Here are 5 big issues the Legislature has yet to resolve with just three weeks left in the 2008 session, and the percentage chance something will get done.
1. Road Construction — Most Democrats are backing a plan that would plow higher car and truck registration fees into the cash-strapped road fund, although they’re covering their political asphalt by making the higher fees applicable only to new vehicles starting with the 2009 model year. Republican leaders oppose any fee hikes and want to pick road money from a magical tree. If we could fill potholes with shameless politics, we’d all be driving on glass-smooth autobahns. Still, I think they have to do something. Chance something will happen this year: 50 percent.
2. Immigration — Democrats have yet to move a bill penalizing executives who knowingly hire illegal immigrants. It’s now sitting in a House committee. Democrats are dithering and bickering over how to proceed while Republicans hope to use the debate to showcase their get-tough plan for making everyone from the state patrol to school crossing guards into immigration officers. Chance: 40 percent.
3. Collective bargaining — Legislative Democrats deserve the flak they’re getting for shoving the bill through at warp speed. But the bottom line is, it’s a good deal for thousands of workers and Culver will sign it. The only question now is whether lawmakers will change the bill first to please the guv or pass separate fix-up legislation later. Chance: 90 percent.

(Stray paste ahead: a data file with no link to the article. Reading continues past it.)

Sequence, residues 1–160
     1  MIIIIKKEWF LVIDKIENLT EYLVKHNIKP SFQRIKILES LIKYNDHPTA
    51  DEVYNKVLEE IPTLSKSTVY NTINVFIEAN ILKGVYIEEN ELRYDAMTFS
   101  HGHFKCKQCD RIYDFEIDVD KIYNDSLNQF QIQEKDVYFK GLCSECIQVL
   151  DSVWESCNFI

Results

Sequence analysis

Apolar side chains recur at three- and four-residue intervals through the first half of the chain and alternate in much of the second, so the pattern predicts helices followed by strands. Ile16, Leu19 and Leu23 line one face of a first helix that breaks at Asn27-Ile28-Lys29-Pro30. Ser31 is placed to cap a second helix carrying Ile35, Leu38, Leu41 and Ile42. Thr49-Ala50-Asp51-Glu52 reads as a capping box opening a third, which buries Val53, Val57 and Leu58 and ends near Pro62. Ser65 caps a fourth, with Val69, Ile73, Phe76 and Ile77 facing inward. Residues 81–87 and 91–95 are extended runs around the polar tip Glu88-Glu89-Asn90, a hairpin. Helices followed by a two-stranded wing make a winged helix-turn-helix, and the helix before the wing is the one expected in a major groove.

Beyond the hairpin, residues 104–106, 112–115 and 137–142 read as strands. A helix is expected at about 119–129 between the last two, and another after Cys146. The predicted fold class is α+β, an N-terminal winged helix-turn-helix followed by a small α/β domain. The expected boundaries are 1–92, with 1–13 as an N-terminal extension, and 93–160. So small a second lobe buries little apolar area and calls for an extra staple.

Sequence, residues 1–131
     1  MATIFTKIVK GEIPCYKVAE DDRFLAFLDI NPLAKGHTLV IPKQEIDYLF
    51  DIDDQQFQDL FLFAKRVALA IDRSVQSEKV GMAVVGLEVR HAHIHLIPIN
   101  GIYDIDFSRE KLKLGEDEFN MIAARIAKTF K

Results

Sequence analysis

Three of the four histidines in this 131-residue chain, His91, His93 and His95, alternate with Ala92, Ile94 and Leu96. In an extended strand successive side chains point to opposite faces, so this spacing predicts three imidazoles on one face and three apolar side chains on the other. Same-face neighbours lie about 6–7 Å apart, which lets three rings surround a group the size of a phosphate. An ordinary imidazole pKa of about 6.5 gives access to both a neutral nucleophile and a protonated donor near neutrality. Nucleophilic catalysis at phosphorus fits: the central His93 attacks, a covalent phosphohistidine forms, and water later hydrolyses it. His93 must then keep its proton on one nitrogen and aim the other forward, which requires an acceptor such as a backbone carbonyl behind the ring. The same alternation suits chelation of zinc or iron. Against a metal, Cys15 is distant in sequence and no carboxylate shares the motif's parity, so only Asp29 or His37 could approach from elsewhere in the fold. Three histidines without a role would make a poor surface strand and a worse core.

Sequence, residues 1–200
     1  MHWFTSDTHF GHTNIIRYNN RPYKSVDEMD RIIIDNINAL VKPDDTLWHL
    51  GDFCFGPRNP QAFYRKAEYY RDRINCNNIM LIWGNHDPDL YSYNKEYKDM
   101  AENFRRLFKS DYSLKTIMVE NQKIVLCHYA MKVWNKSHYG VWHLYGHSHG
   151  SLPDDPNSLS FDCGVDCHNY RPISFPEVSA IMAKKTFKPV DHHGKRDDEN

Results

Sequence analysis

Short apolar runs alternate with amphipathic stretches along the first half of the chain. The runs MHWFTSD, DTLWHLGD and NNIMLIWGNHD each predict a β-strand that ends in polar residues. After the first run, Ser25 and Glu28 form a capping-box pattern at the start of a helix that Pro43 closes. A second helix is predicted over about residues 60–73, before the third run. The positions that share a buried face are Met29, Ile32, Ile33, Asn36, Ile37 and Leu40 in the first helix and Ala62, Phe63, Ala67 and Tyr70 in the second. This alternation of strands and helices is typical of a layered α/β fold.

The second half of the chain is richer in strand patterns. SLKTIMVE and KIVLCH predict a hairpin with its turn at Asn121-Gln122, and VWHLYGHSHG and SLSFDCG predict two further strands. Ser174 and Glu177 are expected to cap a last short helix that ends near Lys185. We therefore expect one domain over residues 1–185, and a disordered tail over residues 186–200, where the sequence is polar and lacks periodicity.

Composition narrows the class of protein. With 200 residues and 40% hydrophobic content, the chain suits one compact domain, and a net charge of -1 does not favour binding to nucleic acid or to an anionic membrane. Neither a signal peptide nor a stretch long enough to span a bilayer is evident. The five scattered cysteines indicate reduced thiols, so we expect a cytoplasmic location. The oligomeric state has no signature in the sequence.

4. Bottle Bill expansion — It’s no miracle that leaders briefly revived Chet’s pet issue just as the collective bargaining feud broke out. It still faces too much opposition to become law. It’s tough to imagine lawmakers saying, “Hi hometown grocer. Sorry I raised the minimum wage and hiked the cigarette tax and pulled out your TouchPlay machine and turned you into a pseudoephedrine cop. But I’m going to have to kick you just one more time, OK? No hard feelings.” Chance: 10 percent.
5. Statewide school infrastructure tax — The guv did no favors to statewide tax backers when he suggested some of the proceeds from a permanent penny could be used for teacher salaries instead of building needs. It played into the biggest objection to turning a temporary, local tax into an endless state trough — you can’t trust politicians to keep their mitts off the money. Backers have spent the entire session trying to ease that discomfort. I don’t think they’ve succeeded. Chance: 20 percent.
There are plenty of other issues. Feel free to add to the list.